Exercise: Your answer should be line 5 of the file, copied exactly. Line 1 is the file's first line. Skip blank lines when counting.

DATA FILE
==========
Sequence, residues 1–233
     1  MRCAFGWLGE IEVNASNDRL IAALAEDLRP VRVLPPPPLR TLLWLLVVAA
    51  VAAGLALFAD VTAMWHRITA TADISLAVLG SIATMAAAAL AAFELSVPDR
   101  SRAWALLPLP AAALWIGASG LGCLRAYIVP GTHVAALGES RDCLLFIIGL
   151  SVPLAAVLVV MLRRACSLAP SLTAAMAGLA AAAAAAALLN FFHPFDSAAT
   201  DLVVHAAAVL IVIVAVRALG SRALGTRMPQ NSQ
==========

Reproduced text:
   151  SVPLAAVLVV MLRRACSLAP SLTAAMAGLA AAAAAAALLN FFHPFDSAAT